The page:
This Thanksgiving millions of gamers all around the country will show their thanks by tossing a grenade at their fellow man (or woman), and then screaming that the lag is BS and that the game cheats. With the annual release of Call of Duty coming in early November, the Thanksgiving week is traditionally a time of heavy CoD online gaming – as any gamer that has suffered the dreaded delay of trying to find a game during the heavily trafficked hours can attest.
But typically this has been something that has been the providence of Microsoft and Sony console owners. There have been plenty of Call of Duty games on the Wii, but they are shadows of their 360 and PS3 cousins, with online traffic to match. That may change this holiday season though.
With the Wii U now available on shelves (or at least on eBay), Nintendo fans will finally have the chance to experience all the rage and disappointment highlighted by moments of sheer gaming ecstasy that the rest of their gaming brethren face as Call of Duty: Black Ops II heads to the Wii U.
For the most part, the game is the same as the version on 360 and PS3, complete with all the highs and lows. Some of the flaws that affected the game, most notably the lack of innovation, may actually be less of an issue for those that have stuck by the Wii only and missed the last few years of CoD games, but that is subjective.
The graphics in the Wii U version are somewhat odd. The majority of the time they are identical (or near enough) to the other versions, but there are a few exceptions. In some instances the animations and design noticeably better, especially in some of the facial expressions and designs of characters, as well as the the particle physics in smoke and light. In other instance like dense foliage, there are some slight degradations and anti-aliasing issues. It balances out, but the highs are a bit higher than the lows.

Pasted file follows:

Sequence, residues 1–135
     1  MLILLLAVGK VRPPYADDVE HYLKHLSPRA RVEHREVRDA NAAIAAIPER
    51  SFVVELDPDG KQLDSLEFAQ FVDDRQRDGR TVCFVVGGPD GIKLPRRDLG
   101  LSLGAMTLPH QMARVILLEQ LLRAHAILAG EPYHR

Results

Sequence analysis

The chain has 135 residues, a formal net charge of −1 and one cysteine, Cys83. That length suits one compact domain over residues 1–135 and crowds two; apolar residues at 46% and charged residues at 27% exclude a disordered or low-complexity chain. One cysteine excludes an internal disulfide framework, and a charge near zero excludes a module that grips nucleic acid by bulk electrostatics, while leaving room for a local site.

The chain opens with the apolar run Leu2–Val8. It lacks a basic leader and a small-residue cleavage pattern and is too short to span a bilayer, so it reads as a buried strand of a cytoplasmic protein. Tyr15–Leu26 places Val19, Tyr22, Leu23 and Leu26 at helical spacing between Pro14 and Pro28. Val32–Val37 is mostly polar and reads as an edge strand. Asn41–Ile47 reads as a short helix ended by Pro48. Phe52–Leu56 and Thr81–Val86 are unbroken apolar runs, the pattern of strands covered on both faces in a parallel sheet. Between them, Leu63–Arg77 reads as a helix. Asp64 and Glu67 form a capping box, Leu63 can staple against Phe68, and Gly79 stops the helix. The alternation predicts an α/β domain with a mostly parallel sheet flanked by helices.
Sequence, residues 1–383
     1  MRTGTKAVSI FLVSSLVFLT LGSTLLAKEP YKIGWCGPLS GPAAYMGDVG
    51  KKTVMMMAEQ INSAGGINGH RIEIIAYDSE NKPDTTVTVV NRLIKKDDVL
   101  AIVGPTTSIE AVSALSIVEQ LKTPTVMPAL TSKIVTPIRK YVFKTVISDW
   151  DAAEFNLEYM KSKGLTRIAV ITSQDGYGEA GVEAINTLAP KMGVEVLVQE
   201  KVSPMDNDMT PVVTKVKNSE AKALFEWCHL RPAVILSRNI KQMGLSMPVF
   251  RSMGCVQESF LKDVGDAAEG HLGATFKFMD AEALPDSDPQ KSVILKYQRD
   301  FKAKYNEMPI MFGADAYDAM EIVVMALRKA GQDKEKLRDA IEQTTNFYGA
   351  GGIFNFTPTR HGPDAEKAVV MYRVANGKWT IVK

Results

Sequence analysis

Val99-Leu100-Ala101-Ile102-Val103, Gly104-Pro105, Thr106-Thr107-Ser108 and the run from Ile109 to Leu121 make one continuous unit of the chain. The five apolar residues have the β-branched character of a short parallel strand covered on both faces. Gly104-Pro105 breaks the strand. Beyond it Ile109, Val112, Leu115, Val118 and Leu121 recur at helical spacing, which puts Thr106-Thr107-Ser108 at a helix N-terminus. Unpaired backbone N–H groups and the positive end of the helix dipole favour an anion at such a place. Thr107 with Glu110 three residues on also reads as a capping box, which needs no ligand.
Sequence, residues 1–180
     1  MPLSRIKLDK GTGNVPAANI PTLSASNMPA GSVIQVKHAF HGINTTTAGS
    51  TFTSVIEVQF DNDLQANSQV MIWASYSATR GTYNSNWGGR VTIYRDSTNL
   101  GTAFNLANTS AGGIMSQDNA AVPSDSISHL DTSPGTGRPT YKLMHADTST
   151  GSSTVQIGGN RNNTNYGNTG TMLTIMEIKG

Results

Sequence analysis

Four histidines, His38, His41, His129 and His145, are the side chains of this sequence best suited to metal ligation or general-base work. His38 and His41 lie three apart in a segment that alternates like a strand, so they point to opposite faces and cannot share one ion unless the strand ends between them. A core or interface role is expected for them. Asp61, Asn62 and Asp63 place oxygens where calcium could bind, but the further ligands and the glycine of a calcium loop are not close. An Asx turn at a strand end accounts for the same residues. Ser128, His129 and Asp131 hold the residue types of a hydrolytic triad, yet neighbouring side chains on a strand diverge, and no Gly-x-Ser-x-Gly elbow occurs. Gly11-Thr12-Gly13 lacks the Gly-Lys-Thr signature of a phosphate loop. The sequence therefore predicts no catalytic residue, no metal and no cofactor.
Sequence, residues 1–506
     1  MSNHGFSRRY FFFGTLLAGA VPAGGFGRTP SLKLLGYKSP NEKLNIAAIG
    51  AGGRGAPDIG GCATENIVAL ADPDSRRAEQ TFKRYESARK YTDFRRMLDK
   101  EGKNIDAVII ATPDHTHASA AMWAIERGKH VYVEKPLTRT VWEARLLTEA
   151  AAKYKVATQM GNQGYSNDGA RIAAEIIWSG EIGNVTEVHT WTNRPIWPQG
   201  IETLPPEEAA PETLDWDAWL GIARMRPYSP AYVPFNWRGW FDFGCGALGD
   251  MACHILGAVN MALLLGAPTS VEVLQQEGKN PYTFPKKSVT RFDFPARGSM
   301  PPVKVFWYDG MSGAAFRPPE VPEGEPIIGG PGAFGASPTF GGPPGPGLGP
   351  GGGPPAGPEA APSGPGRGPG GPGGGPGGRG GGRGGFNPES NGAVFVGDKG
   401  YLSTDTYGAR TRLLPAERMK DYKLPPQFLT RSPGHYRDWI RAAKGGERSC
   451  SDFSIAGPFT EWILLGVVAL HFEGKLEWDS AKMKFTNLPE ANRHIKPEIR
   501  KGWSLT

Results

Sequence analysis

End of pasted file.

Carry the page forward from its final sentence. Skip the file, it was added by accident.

The real difference though, is of course the GamePad. It’s what sets the Wii U apart, and Treyarch has found a few good ways to incorporate that into the game.
While the default has the GamePad act as just a controller, leaving the touchscreen display unused, the Wii U version also allows you to play the entire full, HD, console quality game on the GamePad. Being able to plug in headphones and play the full Black Ops 2 campaign away from the TV is an excellent feature.
While playing the multiplayer, the GamePad has two options for you to cycle through. If you like, you can play the game itself on the GamePad. It’s actually easier to follow and see enemies than you might think. It can’t quite make up for a giant TV, of course, but it is a good way to settle the arguments of who gets the TV. It’s a fantastic feature. The second choice displays all the options you can normally access by hitting the start button, including a map and all your loadouts (which you can select on the fly and have them ready when you respawn next). This is a great idea in theory, especially when a UAV comes and highlights the opposing players. But glancing down at the GamePad at the wrong time is a habit you don’t want to get into, and one that will cost you. You’ll need to train yourself to use it very sparingly, and more as a general reference to lead you to a place where your onscreen HUD can guide you.